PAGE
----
(A portion of this work was submitted in thesis form by M. J. Buckley as a requirement for a Master of Science degree at Hood College, Frederick, MD.)

MATERIALS AND METHODS

Viruses.

The plasmid encoding VEEV strain V3526 was obtained from N. Davis, University of North Carolina, Chapel Hill, NC, and virus was rescued by transfection of BHK-21 cells (8). VEEV subtype I-C strain 686, subtype I-D strain 6880, and subtype I-E strain 68U201 viruses were obtained from S. C. Weaver, University of Texas Medical Branch, Galveston, TX. VEEV TrD, Mucambo virus, Eastern equine encephalitis virus (EEEV) strain Fla91-4679 (28), and Western equine encephalitis virus (WEEV) strain CBA87 (4) were obtained from USAMRIID archives. Working stocks of each virus were prepared by a single passage in BHK-21 cells.

Preparation of MAbs.

BALB/c mice were inoculated intraperitoneally (i.p.) with 2 × 105 PFU of V3526. Four weeks later, an additional 40 μg of Co60-irradiated V3526 were administered by tail vein infusion. Spleen cells were harvested 48 h later and fused with SP2/0-Ag14 myeloma cells as described previously (45). Hybridoma supernatants were screened by enzyme-linked immunosorbent assay (ELISA) for reactivity with purified V3526 and VEEV TrD. VEEV MAb 1A4A-1, specific for epitope E2C (39), was obtained from John Roehrig, Centers for Disease Control and Prevention, Fort Collins, CO. For passive immunization, antibodies were purified by MAbTrap column chromatography (Amersham Biosciences). Plaque reduction neutralization tests (PRNTs) on Vero cells were performed as described previously (36).

Competitive binding assay.

Sucrose gradient purified virus was diluted to 4 μg/ml in sodium carbonate buffer (15 mM Na2CO3 and 35 mM NaHCO3 in distilled water [pH 9.6]) and 50 μl/well were added to 96-well Flexplates, which were incubated at 4°C overnight. Plates were washed five times with wash buffer (1% fish gelatin, phosphate-buffered saline [PBS], 0.5% Tween 20). Residual binding sites were blocked with 300 μl of blocking buffer (5% fish gelatin, PBS, 0.5% Tween 20), and plates were incubated at 37°C for 1 h. Blocking buffer was aspirated from the wells. Unlabeled MAbs were serially diluted 3-fold from 2 μg/well to 0.001 μg/ml in bovine serum albumin (BSA)-PBS blocking diluents (KPL, Inc.). Diluted unlabeled MAbs were added to the plates at 50 μl/well, followed by incubation at 37°C for 1 h. Plates were washed five times with wash buffer as described above. Biotin-labeled MAbs were added at a concentration of 2 ng/well (50 μl) to all wells of a single 96-well plate, followed by incubation at 37°C for 1 h. After a washing step, 100 μl of a 1:2,000 dilution of peroxidase-labeled Strep-Avidin (Amersham) was added/well, followed by incubation at 37°C for 1 h. Plates were washed and developed with ABTS [2,2′azinobis(3-ethylbenzthiazolinesulfonic acid)] substrate (KPL, Inc.) for 30 min at room temperature. Absorbance was measured by utilizing dual wavelengths of 410 to 490 nm. Any dilution of unlabeled MAb showing an optical density at 410 nm (OD410) value of <0.3 was considered to show competition with the biotin-labeled MAb. The mean OD410 values with no subtraction of background were obtained for duplicate wells at each concentration tested.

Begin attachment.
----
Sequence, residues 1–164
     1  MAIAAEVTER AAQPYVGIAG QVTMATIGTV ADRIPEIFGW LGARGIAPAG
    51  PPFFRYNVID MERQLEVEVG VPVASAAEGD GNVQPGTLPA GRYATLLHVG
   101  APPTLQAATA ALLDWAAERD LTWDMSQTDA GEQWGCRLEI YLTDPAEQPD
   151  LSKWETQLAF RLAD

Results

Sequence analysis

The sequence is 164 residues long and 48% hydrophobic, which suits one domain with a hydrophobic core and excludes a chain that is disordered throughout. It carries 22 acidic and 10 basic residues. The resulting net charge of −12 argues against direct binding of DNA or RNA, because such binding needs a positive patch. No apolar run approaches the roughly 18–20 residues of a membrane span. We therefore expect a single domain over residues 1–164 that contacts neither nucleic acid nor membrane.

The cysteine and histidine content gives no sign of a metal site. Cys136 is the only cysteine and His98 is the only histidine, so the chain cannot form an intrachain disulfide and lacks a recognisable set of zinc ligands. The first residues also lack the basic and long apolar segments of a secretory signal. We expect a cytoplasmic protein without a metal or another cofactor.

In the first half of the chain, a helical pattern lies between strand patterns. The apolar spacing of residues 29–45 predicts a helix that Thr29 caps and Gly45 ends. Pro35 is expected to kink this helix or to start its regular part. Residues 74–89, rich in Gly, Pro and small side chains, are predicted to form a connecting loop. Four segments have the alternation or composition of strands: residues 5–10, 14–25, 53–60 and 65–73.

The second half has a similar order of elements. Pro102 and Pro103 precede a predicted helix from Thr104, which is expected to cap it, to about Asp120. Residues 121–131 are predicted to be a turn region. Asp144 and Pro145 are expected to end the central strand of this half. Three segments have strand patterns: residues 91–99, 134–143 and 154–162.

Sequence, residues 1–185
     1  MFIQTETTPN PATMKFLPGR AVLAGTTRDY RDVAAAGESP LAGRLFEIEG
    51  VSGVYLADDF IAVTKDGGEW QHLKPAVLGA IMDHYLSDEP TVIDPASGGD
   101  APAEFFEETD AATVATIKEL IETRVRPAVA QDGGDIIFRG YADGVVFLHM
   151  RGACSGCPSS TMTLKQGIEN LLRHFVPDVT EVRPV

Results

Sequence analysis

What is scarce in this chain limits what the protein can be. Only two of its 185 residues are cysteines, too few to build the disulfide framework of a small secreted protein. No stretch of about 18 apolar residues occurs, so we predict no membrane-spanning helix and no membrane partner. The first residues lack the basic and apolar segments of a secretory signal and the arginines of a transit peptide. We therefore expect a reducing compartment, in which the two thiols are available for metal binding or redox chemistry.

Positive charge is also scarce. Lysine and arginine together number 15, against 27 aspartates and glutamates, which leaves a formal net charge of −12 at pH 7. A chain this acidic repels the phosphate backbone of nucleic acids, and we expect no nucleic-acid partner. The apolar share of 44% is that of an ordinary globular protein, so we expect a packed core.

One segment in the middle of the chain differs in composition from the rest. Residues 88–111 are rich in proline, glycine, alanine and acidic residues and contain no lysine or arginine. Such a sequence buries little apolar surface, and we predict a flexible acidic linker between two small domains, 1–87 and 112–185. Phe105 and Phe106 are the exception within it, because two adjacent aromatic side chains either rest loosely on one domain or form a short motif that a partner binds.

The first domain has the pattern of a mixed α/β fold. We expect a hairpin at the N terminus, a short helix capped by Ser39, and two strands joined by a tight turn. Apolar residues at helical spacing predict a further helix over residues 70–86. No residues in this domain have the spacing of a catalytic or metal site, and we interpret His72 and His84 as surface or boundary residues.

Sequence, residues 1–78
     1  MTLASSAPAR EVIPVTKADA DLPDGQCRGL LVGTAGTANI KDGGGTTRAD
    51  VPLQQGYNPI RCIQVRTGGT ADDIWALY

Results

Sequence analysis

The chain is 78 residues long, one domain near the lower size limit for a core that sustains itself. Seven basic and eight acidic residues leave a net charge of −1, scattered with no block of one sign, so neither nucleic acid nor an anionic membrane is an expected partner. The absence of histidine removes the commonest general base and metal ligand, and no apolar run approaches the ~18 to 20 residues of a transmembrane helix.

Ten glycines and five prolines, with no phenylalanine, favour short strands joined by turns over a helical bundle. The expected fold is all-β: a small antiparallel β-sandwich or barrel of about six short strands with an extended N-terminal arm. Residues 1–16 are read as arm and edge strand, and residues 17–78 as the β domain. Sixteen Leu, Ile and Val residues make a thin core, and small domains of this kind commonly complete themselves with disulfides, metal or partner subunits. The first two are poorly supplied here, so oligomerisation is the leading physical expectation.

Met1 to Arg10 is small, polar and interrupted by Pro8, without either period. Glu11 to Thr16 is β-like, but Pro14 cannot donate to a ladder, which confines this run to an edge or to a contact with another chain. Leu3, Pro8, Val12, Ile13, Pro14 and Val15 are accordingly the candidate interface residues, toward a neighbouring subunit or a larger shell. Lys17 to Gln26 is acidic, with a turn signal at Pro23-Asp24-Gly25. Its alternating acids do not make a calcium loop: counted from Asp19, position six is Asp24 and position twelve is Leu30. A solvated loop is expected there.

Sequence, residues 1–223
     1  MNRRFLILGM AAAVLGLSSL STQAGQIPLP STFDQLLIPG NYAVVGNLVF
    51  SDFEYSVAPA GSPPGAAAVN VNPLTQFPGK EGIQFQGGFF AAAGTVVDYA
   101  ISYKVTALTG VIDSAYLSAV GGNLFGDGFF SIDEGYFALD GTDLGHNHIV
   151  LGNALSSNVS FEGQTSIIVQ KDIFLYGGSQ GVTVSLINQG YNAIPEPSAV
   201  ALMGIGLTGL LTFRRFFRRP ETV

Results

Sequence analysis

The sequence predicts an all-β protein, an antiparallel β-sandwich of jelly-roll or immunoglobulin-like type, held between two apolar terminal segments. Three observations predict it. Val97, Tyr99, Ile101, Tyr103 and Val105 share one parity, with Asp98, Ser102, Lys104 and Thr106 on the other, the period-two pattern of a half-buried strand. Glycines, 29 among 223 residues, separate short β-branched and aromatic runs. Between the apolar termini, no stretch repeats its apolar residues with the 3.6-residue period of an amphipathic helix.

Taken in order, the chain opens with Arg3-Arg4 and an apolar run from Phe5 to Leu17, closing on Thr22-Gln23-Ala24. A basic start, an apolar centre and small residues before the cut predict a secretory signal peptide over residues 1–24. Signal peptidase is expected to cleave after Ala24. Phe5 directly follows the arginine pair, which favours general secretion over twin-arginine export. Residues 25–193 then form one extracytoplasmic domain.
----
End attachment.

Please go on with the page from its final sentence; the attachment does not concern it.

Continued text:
Plaque reduction neutralization assay.

Aliquots (100 μl) of virus containing 100 PFU were combined with an equal volume of Dulbecco modified Eagle medium (DMEM) containing the serially diluted antibody indicated and held overnight at 4°C. The virus antibody mixtures were then added to confluent monolayers of Vero cells, followed by incubation at 37°C at 5% CO2 for 1 h. The monolayers were then overlaid with 2 ml of 0.6% agarose in DMEM containing 10% fetal bovine serum (FBS). After 24 h, a second overlay of 0.6% agarose in DMEM containing 5% FBS and neutral red was added, and the plates were incubated at 37°C at 5% CO2. Plaques were enumerated the following day. Virus infectivity was considered neutralized if the number of plaques was decreased by 80% compared to controls that contained FBS or an irrelevant MAb.

Virus infection and protein blotting.

BHK-21 cells were infected at a multiplicity of infection (MOI) of 10. At 12 h after infection, lysates were analyzed on 10% sodium dodecyl sulfate (SDS)-polyacrylamide gels. The gels were electroblotted onto nitrocellulose and probed with primary antibody overnight at room temperature, followed by a peroxidase-conjugated anti-mouse IgG (KPL, Inc.). The membrane was developed with TMB membrane peroxidase substrate and membrane enhancer (KPL, Inc.) in a ratio of 9:1.